8. Björk – Pleasure Is All Mine
9. The Ronettes – Baby I Love You (Isolated Vocals) (excerpt)
10. David Hykes & The Harmonic Choir – Arc Descents
11. Unknown Artists – Sumi Yeinyo (Hani Crying Song) (Southern China)
12. The Beach Boys – Surfer Girl (Alternate Version)
13. John Jacob Niles – Go ‘Way From My Window
14. The Tallis Scholars – Spem In Alium, Motet for 40 Voices (comp. Thomas Tallis)
15. Geinoh Yamashirogumi – Doll’s Polyphony
16. Young Thug – All Over
17. Ghédalia Tazartès – Une Voix S’en Va
18. Yma Sumac – Taita Inty (Virgin Of The Sun God)
19. Arthur Miles – Lonely Cowboy, Pt. 2
20. Angkanang Kunchai With Ubon-Pattana Band – Isan Lam Plearn (excerpt)
21. The Hilliard Ensemble – Viderunt Omnes (comp. Pérotin)
22. Ustad Ghulam Ali & Asha Bhosle – Salona Sa Sajan Hai Aur Main Hoon
23. Patti Page – Confess (excerpt)
24. Monks of Gyütö Tantric College – Sangwa Düpa (excerpt)
25. Amália Rodrigues – Gaivota (excerpt)
26. Unknown Artist – Akazehe Par Une Jeune Fille (Burundi)
27. Anna Homler & Steve Moshier – Sirens (excerpt)
28. Bulgarian State Radio & Television Female Vocal Choir – Stani Mi, Maytcho (Get Up, My Daughter)
29. David Hykes & The Harmonic Choir – Rainbow Voice
30. Lucy Amarualik & Mary Sivuarapik – Song Of A Cooking Seal Flipper
31. Dr. Octagon – Halfsharkalligatorhalfman
32. Judy Henske & Jerry Yester – Rapture (excerpt)
33. The Hilliard Ensemble – Sabbato Sancto – Responsorium 5 (comp. Carlo Gesualdo)
34. Linda Jones – Your Precious Love (excerpt)

Hildegard von Bingen – A Feather on the Breath of God, 1984

Saint Hildegard von Bingen (1098 – 17 September 1179) was a German Benedictine abbess, writer, composer, philosopher, poet, doctor, visionary, Christian mystic, and polymath. She founded the practice of scientific natural history in Germany, lived to the age of 81 at a time when the life expectancy was early 40s at best, and wrote the oldest surviving morality play (sometimes called the first musical drama). Despite having no formal musical training, she was responsible for some of the most hauntingly beautiful and enduring music to come out of medieval Catholicism. Her compositions broke many of the existing conventions of plainchant, using extremes of register, dramatic leaps of pitch, melismas and flourishes to express rhapsodic, overflowing emotion. Sublime delivery of this collection of her songs by UK ensemble Gothic Voices and soprano Emma Kirkby, globally renowned early music specialist. Perfect hurricane soundtrack music.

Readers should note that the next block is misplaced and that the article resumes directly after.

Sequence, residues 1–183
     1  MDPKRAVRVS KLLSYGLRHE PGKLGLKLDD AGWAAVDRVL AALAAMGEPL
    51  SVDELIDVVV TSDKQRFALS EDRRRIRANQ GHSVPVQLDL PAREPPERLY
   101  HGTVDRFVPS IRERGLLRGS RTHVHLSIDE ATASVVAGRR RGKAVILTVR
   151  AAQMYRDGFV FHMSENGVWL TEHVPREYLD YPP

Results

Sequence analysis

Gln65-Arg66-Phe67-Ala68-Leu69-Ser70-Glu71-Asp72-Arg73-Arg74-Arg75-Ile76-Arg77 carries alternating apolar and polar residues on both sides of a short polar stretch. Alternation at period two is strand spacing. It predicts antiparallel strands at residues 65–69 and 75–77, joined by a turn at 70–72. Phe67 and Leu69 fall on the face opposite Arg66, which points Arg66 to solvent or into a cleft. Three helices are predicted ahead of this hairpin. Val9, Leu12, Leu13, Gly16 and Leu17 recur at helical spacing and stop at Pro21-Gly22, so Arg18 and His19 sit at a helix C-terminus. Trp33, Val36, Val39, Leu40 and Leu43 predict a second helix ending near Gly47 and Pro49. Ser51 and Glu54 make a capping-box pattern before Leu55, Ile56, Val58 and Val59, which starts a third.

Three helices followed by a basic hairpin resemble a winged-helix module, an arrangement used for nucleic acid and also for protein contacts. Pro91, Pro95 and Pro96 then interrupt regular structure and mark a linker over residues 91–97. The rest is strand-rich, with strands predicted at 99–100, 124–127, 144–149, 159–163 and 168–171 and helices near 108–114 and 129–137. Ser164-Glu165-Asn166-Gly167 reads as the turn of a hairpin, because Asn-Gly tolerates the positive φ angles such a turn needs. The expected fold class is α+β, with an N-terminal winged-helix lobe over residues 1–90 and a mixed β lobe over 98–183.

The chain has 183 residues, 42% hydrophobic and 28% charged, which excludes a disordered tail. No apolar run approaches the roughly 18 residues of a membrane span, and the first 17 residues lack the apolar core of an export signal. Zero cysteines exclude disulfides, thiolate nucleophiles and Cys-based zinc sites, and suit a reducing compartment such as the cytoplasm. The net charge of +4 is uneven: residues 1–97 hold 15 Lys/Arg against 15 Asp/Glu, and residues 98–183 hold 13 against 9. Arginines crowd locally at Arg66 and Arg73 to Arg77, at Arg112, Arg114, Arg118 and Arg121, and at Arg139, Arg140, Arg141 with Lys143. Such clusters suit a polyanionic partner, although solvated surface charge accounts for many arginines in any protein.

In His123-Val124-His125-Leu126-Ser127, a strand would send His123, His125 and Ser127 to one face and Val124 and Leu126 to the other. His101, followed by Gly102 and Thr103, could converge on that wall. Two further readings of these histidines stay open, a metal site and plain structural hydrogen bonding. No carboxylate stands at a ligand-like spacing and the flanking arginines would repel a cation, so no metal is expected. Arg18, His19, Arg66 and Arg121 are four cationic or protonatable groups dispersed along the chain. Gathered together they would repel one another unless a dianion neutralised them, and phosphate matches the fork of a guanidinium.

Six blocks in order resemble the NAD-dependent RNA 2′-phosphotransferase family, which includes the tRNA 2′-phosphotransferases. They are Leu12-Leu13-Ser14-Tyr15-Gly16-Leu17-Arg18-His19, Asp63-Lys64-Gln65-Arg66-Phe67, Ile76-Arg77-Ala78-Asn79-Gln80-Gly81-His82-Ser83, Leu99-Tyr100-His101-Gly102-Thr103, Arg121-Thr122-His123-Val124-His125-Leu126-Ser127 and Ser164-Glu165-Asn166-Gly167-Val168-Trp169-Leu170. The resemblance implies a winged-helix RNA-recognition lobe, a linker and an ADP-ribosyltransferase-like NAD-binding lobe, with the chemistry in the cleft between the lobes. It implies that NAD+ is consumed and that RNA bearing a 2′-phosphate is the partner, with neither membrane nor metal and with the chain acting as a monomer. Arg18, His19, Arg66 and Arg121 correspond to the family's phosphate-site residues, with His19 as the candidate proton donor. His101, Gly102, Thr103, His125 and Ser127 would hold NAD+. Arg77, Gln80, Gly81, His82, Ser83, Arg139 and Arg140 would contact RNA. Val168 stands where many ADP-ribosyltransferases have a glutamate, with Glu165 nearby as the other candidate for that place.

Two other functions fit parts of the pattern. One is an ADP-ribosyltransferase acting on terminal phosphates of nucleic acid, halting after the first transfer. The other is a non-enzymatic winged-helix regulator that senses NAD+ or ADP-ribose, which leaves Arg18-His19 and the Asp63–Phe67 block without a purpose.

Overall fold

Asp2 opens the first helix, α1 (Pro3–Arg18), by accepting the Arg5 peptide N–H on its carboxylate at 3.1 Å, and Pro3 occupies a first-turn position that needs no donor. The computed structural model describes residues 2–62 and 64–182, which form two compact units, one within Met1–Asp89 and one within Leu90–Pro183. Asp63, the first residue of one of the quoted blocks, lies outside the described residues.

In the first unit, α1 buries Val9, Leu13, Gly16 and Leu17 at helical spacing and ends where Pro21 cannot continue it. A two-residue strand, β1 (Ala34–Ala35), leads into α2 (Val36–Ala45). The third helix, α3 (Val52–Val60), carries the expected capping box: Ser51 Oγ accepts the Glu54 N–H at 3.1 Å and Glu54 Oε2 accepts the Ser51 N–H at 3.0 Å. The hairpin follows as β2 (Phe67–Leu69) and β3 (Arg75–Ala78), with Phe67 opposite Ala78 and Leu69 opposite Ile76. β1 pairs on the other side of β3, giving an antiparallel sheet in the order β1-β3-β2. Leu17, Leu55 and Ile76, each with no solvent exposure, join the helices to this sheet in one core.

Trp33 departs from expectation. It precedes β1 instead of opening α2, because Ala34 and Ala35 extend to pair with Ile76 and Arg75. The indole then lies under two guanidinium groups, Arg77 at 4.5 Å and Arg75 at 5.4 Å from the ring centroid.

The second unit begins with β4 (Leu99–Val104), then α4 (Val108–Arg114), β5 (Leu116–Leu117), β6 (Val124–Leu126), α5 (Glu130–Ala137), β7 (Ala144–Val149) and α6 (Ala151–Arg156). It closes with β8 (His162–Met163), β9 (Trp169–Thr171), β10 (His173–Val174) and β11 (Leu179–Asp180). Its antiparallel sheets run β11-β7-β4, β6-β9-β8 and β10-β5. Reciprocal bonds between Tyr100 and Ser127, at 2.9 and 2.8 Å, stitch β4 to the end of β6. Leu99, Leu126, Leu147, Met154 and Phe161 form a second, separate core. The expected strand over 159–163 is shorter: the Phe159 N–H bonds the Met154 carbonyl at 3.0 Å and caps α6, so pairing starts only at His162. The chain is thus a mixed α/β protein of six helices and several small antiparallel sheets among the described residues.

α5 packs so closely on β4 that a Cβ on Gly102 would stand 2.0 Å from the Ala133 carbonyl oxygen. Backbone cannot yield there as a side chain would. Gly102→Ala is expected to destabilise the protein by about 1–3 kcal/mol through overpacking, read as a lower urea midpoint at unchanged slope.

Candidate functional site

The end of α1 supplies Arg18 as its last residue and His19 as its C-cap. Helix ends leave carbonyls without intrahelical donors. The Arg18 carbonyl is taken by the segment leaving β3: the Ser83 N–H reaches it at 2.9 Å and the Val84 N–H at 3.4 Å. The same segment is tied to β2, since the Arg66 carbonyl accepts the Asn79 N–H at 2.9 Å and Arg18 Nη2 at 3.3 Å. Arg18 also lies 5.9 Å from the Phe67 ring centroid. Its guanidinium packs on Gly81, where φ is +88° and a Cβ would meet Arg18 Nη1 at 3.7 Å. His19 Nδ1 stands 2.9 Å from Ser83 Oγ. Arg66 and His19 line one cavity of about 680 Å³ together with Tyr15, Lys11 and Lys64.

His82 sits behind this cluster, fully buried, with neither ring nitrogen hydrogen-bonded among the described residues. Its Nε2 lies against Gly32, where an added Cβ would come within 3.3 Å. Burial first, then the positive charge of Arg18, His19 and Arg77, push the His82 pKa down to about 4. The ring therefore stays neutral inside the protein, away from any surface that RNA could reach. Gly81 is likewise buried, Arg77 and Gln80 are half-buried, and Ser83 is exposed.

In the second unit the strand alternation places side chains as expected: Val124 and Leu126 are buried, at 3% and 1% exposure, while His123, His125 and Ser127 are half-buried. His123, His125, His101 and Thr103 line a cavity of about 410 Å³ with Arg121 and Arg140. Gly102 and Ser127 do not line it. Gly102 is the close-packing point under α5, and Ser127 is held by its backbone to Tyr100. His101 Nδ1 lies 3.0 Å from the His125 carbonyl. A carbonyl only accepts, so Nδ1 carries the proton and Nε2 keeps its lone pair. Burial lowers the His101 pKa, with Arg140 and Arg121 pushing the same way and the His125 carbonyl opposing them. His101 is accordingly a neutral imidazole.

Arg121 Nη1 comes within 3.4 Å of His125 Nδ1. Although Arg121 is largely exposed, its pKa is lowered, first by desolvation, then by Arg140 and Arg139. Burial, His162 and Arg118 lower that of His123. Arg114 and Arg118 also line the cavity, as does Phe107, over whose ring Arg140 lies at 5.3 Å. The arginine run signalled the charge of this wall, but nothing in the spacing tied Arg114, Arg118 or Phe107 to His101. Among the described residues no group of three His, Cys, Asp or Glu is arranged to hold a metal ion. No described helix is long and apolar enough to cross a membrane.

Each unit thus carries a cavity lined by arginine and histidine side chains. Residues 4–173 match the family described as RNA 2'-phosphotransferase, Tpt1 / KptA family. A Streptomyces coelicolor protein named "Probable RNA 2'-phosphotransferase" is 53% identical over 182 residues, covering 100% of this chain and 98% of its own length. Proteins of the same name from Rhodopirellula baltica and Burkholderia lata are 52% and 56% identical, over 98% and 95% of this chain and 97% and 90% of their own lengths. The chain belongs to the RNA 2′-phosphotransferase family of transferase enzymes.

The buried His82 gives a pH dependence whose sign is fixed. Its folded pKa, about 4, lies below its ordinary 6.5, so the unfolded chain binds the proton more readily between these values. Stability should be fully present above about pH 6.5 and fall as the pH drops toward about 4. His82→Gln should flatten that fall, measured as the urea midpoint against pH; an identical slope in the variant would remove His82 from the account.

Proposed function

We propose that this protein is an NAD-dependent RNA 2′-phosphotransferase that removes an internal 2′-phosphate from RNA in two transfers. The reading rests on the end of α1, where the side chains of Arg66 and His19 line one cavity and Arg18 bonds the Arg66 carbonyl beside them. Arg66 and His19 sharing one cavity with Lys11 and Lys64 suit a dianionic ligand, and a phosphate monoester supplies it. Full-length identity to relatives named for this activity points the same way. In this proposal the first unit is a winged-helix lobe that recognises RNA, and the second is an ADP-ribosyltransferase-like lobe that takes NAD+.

The Hilliard Ensemble – Pérotin, 1989

When I was in high school, a burned copy of this CD made the rounds among the “cool” choir kids. It was passed discreetly with knowing nods, intended for the ears only of those who would “get it.” This compilation is still one of my favorite choral works, but I think it speaks to a much wider range of people than a few self-aggrandizing choir dorks might have imagined. Performed by the venerated/veteran Hilliard Ensemble* (they mostly perform early music, but have also dabbled in Gavin Bryars and John Cage, and have collaborated a lot with Arvo Pärt), this is a collection of works written by the legendary Pérotin, who lived sometime in the late 12th and early 13th century and was responsible for some of the earliest polyphonic music of which we have written and attributed documentation. (Gregorian chant is earlier and is monophonic.) All that aside, this music is spacious, vibrant, and dovetailing. It doesn’t mind if you’re uninterested in Christianity or choral music or even the western tradition.

*If anyone’s going to be in London around Christmas, the Hilliard Ensemble’s last performance ever will be on December 20th at Wigmore Hall. They’ll be performing Pérotin’s “Viderunt Omnes,” one of the few existing examples of four-part organa, among others. It will be a seriously historical moment, so don’t miss it. Tickets here.